Read Kenneth Roy in the Scottish Review.

Comments  

 
# enneffess 2010-11-19 00:39
I have to provide a receipt for a taxi and must have a damn good reason for using one.

About time the BBC was cracked down on as well.

Amazing how some people forget the money they are spending is not theirs.
 
 
# Jimbo 2010-11-19 00:59
They don't forget the money they are spending is not theirs.

It's because it's not theirs that they are so free with it. They know that regardless of how much they spend they'll have more of our free cash again next year, and the year after, and the year after...

On another topic: Has Democrat senator Menendez and Labour mischief maker Richard Baker lost interest in their Megrahi inquiry now that the US mid-term elections are over?
 
 
# Roll_On_2011 2010-11-19 01:57
The BBC bunker they don't want you to know about:

independent.co.uk/.../...

Who knew that, 10 storeys beneath a Worcestershire hill, the corporation is ready for Armageddon?

It all makes sense, once you know what you're looking at. The 200 acres of thickly wooded hillside, inaccessible by public footpath; the radio mast strategically poking out on top; the hidden entrance, just off the A44 near Evesham, in Worcestershire, surrounded by CCTV cameras and a high-security barrier. But to the passing motorist, there is nothing about Wood Norton Hall to identify it as the site of the BBC's secret nuclear bunker.

Buried 10 storeys into the hillside is a fully functioning nuclear bunker, built at great expense in 1966, at the height of the Cold War. So few people knew of its existence that, even when it was being built, visiting trainees were told not to ask why all that concrete was being mixed. Those involved in its construction were obliged to sign the Official Secrets Act, and even now you won't get a peep out of the BBC press office to acknowledge the reality.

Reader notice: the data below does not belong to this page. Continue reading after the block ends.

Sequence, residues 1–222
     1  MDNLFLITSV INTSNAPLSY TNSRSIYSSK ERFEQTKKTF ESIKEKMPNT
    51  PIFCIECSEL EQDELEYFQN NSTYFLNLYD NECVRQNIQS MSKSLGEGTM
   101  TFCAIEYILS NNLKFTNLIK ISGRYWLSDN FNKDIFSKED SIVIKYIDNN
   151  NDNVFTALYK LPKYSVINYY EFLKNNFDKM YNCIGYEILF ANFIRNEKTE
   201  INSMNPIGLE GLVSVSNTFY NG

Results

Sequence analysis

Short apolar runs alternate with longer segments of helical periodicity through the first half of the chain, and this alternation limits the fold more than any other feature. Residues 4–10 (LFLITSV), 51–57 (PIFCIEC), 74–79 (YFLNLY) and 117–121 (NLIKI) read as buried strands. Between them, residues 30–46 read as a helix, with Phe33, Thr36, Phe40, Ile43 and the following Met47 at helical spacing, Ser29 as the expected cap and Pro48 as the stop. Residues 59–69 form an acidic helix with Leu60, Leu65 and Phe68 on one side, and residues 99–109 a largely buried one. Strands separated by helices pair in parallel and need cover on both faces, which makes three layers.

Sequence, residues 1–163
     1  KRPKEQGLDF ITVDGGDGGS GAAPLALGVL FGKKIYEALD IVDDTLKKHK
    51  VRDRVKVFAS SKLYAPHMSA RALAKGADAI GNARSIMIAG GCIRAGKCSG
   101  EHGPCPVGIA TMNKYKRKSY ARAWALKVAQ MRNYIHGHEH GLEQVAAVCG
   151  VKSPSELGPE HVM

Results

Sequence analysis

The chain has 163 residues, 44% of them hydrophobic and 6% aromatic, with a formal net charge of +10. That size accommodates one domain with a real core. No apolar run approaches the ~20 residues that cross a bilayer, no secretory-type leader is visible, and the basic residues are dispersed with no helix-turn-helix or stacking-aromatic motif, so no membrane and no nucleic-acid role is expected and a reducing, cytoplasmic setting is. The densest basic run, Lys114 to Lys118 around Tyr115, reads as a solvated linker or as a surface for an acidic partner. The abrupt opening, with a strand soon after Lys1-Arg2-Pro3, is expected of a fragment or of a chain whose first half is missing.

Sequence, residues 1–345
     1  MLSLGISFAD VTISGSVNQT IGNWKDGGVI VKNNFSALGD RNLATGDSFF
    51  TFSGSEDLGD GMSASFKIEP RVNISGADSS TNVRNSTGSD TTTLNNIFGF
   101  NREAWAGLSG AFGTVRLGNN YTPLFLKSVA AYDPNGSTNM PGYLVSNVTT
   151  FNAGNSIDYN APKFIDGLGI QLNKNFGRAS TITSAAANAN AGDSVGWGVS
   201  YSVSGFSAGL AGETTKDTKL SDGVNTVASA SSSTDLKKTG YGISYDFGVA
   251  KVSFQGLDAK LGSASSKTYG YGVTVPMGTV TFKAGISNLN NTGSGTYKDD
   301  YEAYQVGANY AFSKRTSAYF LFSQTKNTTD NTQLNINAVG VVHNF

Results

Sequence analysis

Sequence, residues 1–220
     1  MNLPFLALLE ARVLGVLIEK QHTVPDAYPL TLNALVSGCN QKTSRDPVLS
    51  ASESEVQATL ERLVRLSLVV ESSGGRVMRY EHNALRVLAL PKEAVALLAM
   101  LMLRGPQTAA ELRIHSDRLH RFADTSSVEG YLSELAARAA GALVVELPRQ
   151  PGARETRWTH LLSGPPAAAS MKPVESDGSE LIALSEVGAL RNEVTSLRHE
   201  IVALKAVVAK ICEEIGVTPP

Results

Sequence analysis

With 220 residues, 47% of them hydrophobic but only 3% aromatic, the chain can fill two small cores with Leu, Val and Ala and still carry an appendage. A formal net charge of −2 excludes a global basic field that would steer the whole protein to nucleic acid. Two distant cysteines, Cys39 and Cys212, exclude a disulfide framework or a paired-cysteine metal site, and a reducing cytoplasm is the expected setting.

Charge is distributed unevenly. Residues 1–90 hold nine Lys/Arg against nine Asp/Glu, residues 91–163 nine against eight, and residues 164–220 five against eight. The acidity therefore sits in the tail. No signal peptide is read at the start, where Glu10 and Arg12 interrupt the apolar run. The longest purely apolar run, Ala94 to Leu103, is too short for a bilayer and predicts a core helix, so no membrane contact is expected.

# CapnAndy 2010-11-19 08:24
A good intesting link.
Anybody finding this interesting should follow this link to the Wiltshire site. It's fascinating.

bbc.co.uk/.../underground_city
 
 
# Online Editor 2010-11-19 06:56
Yesterday's FMQ's can be viewed in the Politics section.

For those who like a flutter at the weekend we have also revamped and amalgamated Alan Barbour's golf and racing columns and created a brand new oddsOn section that includes football ...... have a look, it's under Sports.
 
 
# Robert Louis 2010-11-19 07:59
online ED, please can we have some sort of warning in place for readers, when articles such as this are so funny. I nearly choked on my porridge.

I would echo what some others have said. It beggars belief the attitude that public sector employees have towards 'expenses'. Since few of them have commercial experience, they do often believe that executives in business run extravagant expense accounts.

Having worked in global commerce, let me assure them, this is not the case. In most major global organisations, even very highly paid staff do NOT fly business class (they can pay for an upgrade themselves if they wish), they are told to take the tube (not taxis) when in London, they are restricted as to what they can add to their overnight hotel bills, evening meal (overall cost limited) 1 drink and breakfast. Some companies allow flexibility on hotel grades which can be used, but there is usually some kind of 'notional' overnight cost which employees cannot stray from.

MP's and some (especially Labour) MSP's think that claiming ridiculous sums on expenses is 'normal' in industry. It is not.